Betacantrips/ projects/ vcs-shootout

The Free Software world, like the rest of the tech world, is sometimes seized by trends. Distributed version control is one of those trends. In recent months, project after project has switched to "next-gen" version control tools. Developers sing the praises of their favored tools louder than a gaggle of Haskell programmers. And those of us still using SVN wonder if maybe we're missing something good.

You may have gotten a dose of this agita recently, from one of the following sources:

It is the last of these that really struck this author. Throwing Subversion in a comparison of distributed version control systems is a terrible idea! Subversion has never tried to be, pretended to be, or claimed to be a distributed version control system. And who made distributed the definition of "good", anyhow? I was an old hand at SVN, after all, and I didn't see what was so wonderful about these new-fangled devices. As far as I could tell, this new software was different, not necessarily better, just like Haskell, and I didn't think it was right to bash svn just because it was old-fashioned.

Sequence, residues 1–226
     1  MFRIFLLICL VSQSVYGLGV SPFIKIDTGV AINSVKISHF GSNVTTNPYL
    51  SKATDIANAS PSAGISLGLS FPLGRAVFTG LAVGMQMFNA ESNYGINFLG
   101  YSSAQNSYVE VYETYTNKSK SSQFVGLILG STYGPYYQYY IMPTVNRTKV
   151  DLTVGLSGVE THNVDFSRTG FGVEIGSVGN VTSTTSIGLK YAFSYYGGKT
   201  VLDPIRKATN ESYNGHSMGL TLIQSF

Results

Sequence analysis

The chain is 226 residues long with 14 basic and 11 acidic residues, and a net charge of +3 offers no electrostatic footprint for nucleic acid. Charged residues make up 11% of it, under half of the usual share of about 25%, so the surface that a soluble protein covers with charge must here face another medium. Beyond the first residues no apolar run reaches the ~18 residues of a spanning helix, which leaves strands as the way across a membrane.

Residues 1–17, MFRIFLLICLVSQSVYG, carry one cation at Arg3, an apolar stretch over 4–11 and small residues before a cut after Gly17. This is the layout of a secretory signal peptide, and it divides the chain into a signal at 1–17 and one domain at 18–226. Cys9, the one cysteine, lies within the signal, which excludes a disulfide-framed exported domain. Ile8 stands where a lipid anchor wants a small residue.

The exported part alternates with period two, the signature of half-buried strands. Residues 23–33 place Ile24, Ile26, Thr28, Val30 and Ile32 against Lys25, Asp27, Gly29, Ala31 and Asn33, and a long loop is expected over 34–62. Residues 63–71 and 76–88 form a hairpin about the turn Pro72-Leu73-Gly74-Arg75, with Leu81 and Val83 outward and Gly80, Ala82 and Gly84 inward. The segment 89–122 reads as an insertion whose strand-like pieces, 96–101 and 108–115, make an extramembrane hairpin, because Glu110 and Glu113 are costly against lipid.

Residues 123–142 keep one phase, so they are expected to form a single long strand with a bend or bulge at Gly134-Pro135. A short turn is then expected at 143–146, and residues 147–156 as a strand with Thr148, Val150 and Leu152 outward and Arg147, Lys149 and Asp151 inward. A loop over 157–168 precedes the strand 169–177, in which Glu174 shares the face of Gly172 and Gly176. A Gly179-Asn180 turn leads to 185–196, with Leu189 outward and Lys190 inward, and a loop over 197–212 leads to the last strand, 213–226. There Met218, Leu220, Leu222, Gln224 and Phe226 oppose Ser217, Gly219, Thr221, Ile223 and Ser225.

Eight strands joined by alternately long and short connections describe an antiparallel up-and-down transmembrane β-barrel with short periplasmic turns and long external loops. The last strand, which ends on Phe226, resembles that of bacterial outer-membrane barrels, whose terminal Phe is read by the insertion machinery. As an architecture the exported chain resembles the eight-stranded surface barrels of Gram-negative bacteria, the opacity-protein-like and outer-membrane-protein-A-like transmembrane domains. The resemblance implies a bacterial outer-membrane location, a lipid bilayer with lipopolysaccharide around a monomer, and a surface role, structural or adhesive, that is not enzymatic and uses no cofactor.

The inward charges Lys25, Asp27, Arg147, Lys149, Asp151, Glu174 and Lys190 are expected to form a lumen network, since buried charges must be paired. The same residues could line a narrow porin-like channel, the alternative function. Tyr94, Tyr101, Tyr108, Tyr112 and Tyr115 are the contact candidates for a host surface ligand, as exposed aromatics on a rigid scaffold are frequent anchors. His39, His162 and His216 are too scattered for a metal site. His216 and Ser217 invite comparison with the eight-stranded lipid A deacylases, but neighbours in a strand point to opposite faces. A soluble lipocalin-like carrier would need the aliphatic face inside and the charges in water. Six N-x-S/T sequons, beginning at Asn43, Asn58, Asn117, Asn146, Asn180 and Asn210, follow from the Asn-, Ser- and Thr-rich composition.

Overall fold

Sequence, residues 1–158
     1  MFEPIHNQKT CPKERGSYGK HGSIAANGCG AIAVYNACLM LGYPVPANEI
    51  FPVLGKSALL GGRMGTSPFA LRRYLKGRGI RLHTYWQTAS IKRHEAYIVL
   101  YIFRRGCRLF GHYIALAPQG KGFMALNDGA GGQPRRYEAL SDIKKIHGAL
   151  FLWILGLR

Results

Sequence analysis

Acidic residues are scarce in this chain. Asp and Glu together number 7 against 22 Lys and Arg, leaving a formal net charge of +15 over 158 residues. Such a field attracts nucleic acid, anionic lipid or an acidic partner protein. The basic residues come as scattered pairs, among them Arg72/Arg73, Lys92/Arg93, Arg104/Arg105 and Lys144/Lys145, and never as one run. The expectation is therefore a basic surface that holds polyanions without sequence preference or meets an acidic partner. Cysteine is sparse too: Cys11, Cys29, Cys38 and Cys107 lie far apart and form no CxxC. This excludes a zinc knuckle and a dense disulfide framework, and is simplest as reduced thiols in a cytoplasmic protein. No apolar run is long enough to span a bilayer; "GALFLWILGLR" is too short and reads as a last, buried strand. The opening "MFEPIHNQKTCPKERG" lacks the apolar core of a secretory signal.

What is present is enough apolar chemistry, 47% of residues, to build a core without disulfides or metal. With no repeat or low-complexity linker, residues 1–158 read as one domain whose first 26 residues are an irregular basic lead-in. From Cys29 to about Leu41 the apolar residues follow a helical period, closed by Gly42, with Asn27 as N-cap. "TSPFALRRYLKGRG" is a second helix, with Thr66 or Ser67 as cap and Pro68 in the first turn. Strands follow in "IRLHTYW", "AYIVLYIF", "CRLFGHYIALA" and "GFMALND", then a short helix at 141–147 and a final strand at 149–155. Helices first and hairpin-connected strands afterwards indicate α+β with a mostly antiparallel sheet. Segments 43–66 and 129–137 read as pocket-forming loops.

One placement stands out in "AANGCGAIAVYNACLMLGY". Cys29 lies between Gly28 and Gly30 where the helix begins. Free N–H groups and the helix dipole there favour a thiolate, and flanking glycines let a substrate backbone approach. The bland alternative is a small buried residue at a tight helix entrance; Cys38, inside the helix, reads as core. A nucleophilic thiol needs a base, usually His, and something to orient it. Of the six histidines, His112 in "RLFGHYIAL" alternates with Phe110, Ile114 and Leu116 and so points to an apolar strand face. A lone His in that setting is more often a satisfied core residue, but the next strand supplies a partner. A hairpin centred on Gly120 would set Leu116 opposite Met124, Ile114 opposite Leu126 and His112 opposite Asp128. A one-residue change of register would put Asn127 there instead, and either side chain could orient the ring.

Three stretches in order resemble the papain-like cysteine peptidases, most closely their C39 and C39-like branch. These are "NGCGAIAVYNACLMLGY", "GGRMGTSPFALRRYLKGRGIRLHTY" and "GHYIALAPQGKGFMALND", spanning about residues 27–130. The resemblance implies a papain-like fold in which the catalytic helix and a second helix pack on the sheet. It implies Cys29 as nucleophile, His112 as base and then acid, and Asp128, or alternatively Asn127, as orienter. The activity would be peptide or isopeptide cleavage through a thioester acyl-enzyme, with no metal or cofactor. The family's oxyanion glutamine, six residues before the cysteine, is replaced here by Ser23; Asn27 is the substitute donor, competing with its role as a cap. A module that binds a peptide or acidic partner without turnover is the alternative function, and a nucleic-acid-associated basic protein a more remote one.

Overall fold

So the Shootout was born. Basically, it was my response: "Whose VCS is the Most Centralized?" I hoped to show that svn has valid use cases that aren't addressed by distributed version control systems -- specifically, I hoped to show that SVN was faster, smaller, and more reliable than git, darcs, and every other system people were hollering about, for the range of tasks that SVN addresses.

When that didn't work, I branched out, trying to study what performance characteristics each system had, and trying to the optimal balance between performance, space efficiency, and features, to try to pick one for myself. And in the mean time, I started to look at the day-to-day use of these systems, to try to see what differences there really were.

Lots of people are looking for a good system to switch to. For example:

I hope the shootout will help them to make a decision, without doing a comprehensive evaluation:

The source code for this whole project happens to be tracked in git and is accessible from


Non-performance analysis

Blue Sky design by Jonas John.